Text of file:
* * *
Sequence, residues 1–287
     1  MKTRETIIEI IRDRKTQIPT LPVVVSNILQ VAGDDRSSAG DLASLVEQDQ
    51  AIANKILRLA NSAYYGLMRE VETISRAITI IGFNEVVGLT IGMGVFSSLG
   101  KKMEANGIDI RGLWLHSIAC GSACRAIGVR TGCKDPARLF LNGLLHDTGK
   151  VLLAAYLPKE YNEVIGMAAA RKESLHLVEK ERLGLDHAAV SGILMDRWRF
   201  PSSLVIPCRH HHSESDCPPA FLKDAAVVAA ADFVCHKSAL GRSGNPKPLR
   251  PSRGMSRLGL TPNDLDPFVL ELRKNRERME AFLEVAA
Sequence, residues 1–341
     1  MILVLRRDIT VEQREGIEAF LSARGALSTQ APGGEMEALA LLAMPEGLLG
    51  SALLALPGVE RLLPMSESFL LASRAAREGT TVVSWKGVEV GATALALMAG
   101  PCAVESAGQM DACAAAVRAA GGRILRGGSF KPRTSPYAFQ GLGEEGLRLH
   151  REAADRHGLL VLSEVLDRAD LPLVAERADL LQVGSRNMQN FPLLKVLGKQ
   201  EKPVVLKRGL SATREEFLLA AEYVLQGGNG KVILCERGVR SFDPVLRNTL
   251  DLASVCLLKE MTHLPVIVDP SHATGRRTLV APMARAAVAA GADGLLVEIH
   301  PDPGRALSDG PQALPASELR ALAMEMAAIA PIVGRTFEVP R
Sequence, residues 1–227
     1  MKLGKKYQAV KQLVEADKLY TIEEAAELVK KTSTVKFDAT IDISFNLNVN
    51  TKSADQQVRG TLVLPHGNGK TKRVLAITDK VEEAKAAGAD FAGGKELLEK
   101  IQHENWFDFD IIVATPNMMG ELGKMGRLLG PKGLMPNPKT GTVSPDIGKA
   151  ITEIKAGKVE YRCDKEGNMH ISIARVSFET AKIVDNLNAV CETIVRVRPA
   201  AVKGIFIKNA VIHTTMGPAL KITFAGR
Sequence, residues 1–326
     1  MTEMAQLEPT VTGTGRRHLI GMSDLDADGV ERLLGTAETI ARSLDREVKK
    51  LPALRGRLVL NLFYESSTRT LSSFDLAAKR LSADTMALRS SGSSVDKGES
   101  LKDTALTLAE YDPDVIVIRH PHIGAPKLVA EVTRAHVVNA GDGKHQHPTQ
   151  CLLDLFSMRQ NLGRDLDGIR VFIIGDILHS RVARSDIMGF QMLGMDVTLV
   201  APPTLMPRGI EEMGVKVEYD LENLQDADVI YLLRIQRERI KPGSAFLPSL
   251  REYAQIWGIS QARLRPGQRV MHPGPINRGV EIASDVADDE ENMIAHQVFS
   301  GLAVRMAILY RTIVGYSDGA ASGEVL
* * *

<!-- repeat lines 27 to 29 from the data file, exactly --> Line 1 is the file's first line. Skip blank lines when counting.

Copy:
   201  APPTLMPRGI EEMGVKVEYD LENLQDADVI YLLRIQRERI KPGSAFLPSL
   251  REYAQIWGIS QARLRPGQRV MHPGPINRGV EIASDVADDE ENMIAHQVFS
   301  GLAVRMAILY RTIVGYSDGA ASGEVL